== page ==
Take the 2-minute tour ×
Stack Overflow is a question and answer site for professional and enthusiast programmers. It's 100% free.

I'm currently working with an app that will do the following.

// Initialize a list: 
myList = new List<aPoint>;

I have no way of knowing the total size of the list from the beginning. From what I've read, List<> is the best way to handle this much data incoming (could be upwards of 500k records).

I'm wondering if I should handle the capicity of the list (give it initial values, or increase the cap if it needs it)?

How do I approach optimizing such a procedure?

share|improve this question
To add to the question, I'm working under .net 2.0 constraints. –  greggorob64 May 6 '11 at 18:50

4 Answers 4

up vote 3 down vote accepted

If you have an approximation of the total records you could set the capacity of the list otherwise leave it to grow. It is pretty optimized, just ensure you don't run out of memory. Another approach is to use a lazy iterator which won't load the entire list in memory:

public IEnumerable<aPoint> GetPoints()
        yield return new aPoint();

It is only once you start iterating that records will begin to be fetched, one by one and released immediately:

foreach (var point in GetPoints())
    /// TODO: do something with the point
share|improve this answer
That would be an ideal solution, unfortunately, I'm programming in VC++/2.0, no yeild operations, and the "GetNext1000" is an unmanaged C function call pulling in data from Shmem –  greggorob64 May 6 '11 at 18:39
@greggorob64, why is your question tagged with C# then? Because of this tag I assumed that it might be an acceptable language for you. –  Darin Dimitrov May 6 '11 at 18:43
You have a point. If I mark it as C++, questions rarely get looked at. A valid constraint I could put on the question is using C#2.0. The languages don't diverge (that much) until that point. –  greggorob64 May 6 '11 at 18:50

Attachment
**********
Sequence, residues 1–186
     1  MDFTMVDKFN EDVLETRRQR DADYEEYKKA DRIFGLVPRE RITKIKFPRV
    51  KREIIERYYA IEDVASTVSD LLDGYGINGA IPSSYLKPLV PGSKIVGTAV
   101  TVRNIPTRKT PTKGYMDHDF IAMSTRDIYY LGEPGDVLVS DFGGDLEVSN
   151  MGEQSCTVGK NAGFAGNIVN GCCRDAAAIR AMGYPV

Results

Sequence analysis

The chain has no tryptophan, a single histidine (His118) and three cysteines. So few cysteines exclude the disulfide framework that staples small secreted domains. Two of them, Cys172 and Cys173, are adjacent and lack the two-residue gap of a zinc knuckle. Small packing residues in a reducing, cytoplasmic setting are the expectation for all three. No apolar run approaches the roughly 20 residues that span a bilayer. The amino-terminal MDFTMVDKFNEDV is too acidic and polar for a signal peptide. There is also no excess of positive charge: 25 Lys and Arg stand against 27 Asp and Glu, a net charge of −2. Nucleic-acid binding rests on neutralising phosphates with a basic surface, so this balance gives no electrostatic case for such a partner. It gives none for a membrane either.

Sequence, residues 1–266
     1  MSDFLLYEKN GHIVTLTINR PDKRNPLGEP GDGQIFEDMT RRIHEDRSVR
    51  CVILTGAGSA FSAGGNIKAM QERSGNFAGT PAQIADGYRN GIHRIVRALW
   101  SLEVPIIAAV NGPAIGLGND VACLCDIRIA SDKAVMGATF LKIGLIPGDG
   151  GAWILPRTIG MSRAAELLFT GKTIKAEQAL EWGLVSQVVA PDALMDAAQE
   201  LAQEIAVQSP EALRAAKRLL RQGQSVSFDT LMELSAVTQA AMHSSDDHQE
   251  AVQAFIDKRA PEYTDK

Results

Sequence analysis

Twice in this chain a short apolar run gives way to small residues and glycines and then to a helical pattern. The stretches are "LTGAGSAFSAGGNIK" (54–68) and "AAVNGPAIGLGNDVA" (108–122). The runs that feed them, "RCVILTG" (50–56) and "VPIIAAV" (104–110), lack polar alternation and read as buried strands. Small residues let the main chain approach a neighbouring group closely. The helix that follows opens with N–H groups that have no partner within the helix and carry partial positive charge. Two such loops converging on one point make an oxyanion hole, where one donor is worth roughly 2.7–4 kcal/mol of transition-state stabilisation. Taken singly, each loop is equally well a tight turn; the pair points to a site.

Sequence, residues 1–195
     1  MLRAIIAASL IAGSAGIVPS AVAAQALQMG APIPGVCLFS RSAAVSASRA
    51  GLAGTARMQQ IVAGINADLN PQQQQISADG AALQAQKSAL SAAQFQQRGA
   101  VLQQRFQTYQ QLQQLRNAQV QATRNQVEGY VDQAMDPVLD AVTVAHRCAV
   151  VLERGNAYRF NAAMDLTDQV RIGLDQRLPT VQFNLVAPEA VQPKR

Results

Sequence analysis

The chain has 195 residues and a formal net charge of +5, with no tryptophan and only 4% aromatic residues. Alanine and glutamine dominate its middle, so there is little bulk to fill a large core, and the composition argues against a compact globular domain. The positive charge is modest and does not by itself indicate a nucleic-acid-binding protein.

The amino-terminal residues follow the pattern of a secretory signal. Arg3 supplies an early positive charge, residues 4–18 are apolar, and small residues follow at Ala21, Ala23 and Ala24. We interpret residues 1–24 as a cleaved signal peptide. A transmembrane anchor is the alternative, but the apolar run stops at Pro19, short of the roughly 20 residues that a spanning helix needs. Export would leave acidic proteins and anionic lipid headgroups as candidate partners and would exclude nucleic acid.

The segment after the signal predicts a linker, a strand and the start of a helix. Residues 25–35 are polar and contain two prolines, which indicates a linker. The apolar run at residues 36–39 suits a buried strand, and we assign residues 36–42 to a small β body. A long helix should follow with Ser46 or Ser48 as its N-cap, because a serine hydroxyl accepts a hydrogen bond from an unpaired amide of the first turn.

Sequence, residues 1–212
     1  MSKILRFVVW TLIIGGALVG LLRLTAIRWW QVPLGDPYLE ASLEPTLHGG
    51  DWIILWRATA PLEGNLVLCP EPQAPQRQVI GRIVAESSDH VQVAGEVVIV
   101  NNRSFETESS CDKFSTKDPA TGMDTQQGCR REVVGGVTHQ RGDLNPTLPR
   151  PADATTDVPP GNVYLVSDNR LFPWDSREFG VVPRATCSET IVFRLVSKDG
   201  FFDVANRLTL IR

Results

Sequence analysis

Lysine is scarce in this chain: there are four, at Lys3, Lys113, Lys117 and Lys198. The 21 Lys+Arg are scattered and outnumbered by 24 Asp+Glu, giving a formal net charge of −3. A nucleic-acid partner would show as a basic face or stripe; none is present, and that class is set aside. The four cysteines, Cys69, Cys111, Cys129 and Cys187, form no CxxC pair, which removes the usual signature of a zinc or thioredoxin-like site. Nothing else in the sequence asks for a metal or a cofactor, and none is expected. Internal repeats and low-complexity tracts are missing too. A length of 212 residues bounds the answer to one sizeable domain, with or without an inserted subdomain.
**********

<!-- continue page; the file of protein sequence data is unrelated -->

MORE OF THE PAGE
@greggorob64: When you're talking optimization at this level, the different language mechanics--especially memory management--and compiler optimizations diverge a lot. Gaming the question tags so it is seen more may get more views, but won't get you a good enough answer. –  Jon Adams May 6 '11 at 18:59
It's a fair point, but its not gaming. The heap optimizations any clr languages aren't going to change drastically enough to warrant that. The solution would be valid for either. –  greggorob64 May 9 '11 at 12:17

First rule: premature optimization is the root of all evil. If perfomance is not an issue leave it as is. Overwise you should try set initial size of list to about AverageExpectedSize/0.7.

share|improve this answer

I also think you can't optimize it much.. I guess you could do slightly better in some specific cases, so I have a question - what do you do with the data afterwards? Also - do you want to optimize for memory or speed?

A typical list implementation will grow capacity by a factor of 2x every time, so maybe you could save some space by having a List<aPoint[]>, which would have much fewer elements, so it would be less likely that you have a few 100k of spare capacity. But that would only matter if you were just about to run out of memory - it's likely that much more memory is spent on the data itself in any case..

share|improve this answer
The data is analyzed and added to a Datavisualization.Charting histogram –  greggorob64 May 6 '11 at 18:51
So do you actually need the whole set of points at once for the analysis? –  xs0 May 6 '11 at 19:17

In general, I would say that if you don't know the number of elements within say +/- 20% then you are probably should just add blindly to the List instead of guessing the capacity.

List is different than an array when it comes to matters of adding when at capacity. Remember that the List will double its capacity once you exceed the capacity. So for example, if your list has a current capacity of 128 elements and you add an element that makes it 129 elements, the list will resize its capacity to 256 elements. Then for the next 128 Adds you don't resize the list at all. Once you get to 257, it will double to 512, and the process repeats itself.

Thus you will have O(log(n)) resizes to your list.

share|improve this answer

Your Answer


By posting your answer, you agree to the privacy policy and terms of service.

Not the answer you're looking for? Browse other questions tagged or ask your own question.